October 11, 2018

Manaki Festival 2018


Spirit of Friendship

For thirty-nine years the town of Bitola, nestling in the Balkan Hills of Macedonia, has been hosting a Festival to celebrate the art of cinematography. The Festival was established to honour the pioneers of the craft, the Manaki Brothers, cinematographers documenting life in Macedonia at the end of the nineteenth century. The brothers, Milton and Janaki, working alone with their camera, became self-directors editing their own films. To celebrate their contribution to the history of Balkan cinema the Manaki Festival is now established as the oldest in the world devoted to the craft of cinematography.

Although many great cinematographers of the world have graced the Festival few will have been as eagerly feted as Roger Deakins CBE ASC BSC. In the footsteps of the British cinematographers of the past decades, Freddie Francis, Billy Williams, Roger Pratt and Chris Menges, this year it was Roger Deakins turn to receive his Life-time Achievement Award of the Golden Camera 300. Previous International recipients have also included Sven Nykvist, Delli Colli, Raoul Coutard, Vadim Yusov, Vittorio Storaro, Michael Balhaus, Jose Luis Alcaine, John Seale, Dante Spinotti and Guiseppe Rotunno. None managed thirteen Oscar nominations before the final judgement belatedly went his way!

In the absence of the Macedonian President, Dr Gjorge Ivanov, the Camera 300 was presented to Roger Deakins by the Festival Director Gena Teodosievska MA. On the opening night the Special Golden Camera 300 was presented to the legendary Diva, the Tunisian born actress, Claudia Cardinale after her 60-year career. Conrad Hall had described her as “the dream of every cinematographer.”

An overflowing Master Class illustrated with clips from his feature career, was given by Roger Deakins covering his life story from documentaries and feature films from 1984 up to Sicario. It was mentored as customary in Manaki by Nigel Walters BSC vice-president having received considerable support in preparation of clips from Gwyn Evans. So popular was this event that an additional session was arranged on the following day for students, many having travelled the long journey from Serbia.

Building Bridges may be an overused cliché but the work of Imago in the last decade has resulted in close friendship and cooperation between the Balkan societies of cinematographers. Roger Deakins and his wife, James were welcomed by delegates for the opening of the Fourth Balkan Conference. When asked by the conference chairman, Nigel Walters, the value of the Imago Federation to the cinematographers of the region the delegates unanimously agreed that being brought together by Imago had resulted in the nine Societies collaborating effectively to improve many facets of cinematography in the Balkans. 

A plea was made from the Slovenian delegates for International Master Classes for the Balkans to be established. The hunger for knowledge is nowhere stronger than amongst the young students of the region. The visit of such cinematographers as Roger Deakins was inspirational but such events need to be organised on a regular basis. Not just annually in Bitola.

An agenda item from Bulgaria on high border tariffs whilst crossings frontiers with camera equipment was withdrawn pending further evidence.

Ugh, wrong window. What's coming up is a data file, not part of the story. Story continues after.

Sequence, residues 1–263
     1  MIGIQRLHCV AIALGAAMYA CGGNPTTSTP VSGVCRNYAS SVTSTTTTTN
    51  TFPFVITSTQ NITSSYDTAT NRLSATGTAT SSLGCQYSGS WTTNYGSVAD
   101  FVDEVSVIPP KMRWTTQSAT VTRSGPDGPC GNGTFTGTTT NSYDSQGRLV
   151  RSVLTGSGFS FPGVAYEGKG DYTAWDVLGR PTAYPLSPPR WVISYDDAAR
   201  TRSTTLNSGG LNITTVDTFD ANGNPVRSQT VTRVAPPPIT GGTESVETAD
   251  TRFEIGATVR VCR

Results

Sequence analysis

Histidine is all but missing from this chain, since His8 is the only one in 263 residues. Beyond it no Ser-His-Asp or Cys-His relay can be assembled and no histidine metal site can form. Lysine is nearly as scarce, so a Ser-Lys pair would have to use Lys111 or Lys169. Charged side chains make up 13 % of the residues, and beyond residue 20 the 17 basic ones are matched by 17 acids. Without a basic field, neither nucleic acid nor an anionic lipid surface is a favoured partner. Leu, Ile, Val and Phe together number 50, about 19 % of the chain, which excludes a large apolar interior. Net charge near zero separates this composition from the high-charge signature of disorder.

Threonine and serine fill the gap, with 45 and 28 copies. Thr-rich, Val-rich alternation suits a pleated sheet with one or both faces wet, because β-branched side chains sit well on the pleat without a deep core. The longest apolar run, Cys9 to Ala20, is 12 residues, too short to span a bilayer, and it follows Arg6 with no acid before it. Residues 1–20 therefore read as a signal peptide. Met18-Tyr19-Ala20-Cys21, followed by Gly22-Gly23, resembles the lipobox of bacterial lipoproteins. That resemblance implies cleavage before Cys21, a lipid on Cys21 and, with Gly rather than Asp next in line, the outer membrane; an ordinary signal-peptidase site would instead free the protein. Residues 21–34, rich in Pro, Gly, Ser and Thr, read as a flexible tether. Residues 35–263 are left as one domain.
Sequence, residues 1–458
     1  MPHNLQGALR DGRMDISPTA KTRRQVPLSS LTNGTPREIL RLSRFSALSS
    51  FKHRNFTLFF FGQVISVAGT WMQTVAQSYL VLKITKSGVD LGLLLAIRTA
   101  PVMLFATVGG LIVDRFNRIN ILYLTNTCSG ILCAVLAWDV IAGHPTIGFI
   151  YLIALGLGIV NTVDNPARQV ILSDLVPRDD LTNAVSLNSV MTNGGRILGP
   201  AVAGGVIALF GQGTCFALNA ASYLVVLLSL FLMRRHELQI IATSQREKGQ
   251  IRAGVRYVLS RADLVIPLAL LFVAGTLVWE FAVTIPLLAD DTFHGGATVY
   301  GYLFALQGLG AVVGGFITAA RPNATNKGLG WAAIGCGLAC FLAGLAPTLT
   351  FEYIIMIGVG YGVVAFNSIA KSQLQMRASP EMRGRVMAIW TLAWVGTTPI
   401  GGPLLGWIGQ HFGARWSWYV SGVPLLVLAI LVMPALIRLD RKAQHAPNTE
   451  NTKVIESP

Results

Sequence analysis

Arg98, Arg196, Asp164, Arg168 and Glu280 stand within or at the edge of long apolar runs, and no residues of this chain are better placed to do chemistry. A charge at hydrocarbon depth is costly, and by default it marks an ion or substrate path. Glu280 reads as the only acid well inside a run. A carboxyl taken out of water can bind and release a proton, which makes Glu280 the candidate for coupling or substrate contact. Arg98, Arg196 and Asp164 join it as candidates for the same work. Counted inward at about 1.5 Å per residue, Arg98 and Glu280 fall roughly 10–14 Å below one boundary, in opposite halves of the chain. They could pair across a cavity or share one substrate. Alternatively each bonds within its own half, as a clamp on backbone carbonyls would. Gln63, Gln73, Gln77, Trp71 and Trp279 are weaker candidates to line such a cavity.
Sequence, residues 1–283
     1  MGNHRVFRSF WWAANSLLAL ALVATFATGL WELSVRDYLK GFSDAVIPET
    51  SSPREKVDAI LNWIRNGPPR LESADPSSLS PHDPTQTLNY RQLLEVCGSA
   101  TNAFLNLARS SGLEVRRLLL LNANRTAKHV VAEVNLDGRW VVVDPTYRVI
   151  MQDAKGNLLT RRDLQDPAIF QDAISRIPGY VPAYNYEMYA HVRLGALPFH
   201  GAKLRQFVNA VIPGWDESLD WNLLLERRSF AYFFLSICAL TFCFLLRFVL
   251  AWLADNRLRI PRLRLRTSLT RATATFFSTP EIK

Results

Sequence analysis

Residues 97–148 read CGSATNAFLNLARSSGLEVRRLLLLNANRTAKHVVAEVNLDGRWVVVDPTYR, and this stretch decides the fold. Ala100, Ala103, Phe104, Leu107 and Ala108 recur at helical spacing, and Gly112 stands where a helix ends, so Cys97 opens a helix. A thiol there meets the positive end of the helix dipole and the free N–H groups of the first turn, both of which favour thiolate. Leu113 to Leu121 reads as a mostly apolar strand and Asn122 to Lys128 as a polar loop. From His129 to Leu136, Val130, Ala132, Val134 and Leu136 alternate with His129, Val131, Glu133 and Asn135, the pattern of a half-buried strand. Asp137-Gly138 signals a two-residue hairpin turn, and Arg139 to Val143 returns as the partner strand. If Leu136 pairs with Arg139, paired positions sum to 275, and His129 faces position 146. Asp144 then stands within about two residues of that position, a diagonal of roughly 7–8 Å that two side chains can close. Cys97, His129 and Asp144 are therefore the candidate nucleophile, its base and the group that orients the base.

A call for Authorship rights to be regulated in the Balkans was voted unanimously. Many countries have long established co-authors rights which are not respected. The delegates called for support from Imago for cinematographers to be present at the restoration process. This is a struggle being led by the Czech Society with some success in their homeland. It also stressed the importance of cinematographers being present for colour grading. Television companies are specially to blame for disregarding such a basic quality issue.

On a more positive note the Slovenians announced the creation of a new festival to be called balKam, the first edition to be held at the Ljubljiana cinematheque from November 2-5 next month. Initially two representatives each from Croatia, Bosnia and Herzegovina, Serbia, Macedonia and Kosovo have been funded. Later the balKam is planned to move from country to country and a selection of movies shown in capital cities cinematheques in Sarajevo, Belgrade, Skopje each year. This could be an opportunity for Master Classes to be held in conjunction with the balKam. The most successful Master Classes in the Balkans occurred when the Greek Society assisted by Imago but with little funding, had audiences of almost a thousand students when held in Athens.

Gratitude was expressed by all delegates for the generosity of the Festival Organisers and especially Gena Teodosievska, the Festival director who herself had given an inspired address to open the proceedings. The presence of Imago President Paul-Rene Roestad FNF for his knowledge and advice was also invaluable and appreciated.

The Main Festival Competition itself ended with a triumph for the South Korean cinematographer, Kyong-pyo HONG who received the Golden Camera 300 for his work on Burning. The Silver Camera 300 was awarded to popular Frenchman Eric Gautier AFC for Ash is the Purest White, a realistic “no holds barred” portrayal of life in the Huanxi province.

The acclaimed Polish film Cold War gave cinematographer Lukaz Zal the Bronze Camera 300, a reward for his established collaboration with director Pawel Pawlikowski. His skills on Ida shine on.

The high standard of the final Festival selection continues thanks to the astute judgement of the artistic Director, Blagoja Kunovski-Dore.

Next year will mark the 40th year for this Festival of passion and devotion to the art of cinematography. Cinematographers everywhere have every reason to be proud of the Manaki Festival and be grateful for the continued support of the Macedonian Ministry of Culture.